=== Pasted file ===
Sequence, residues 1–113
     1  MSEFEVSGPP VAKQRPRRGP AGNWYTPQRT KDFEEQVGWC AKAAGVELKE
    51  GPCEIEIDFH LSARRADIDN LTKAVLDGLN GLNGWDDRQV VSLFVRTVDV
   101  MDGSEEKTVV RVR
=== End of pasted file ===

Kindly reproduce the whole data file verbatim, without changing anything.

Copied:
Sequence, residues 1–113
     1  MSEFEVSGPP VAKQRPRRGP AGNWYTPQRT KDFEEQVGWC AKAAGVELKE
    51  GPCEIEIDFH LSARRADIDN LTKAVLDGLN GLNGWDDRQV VSLFVRTVDV
   101  MDGSEEKTVV RVR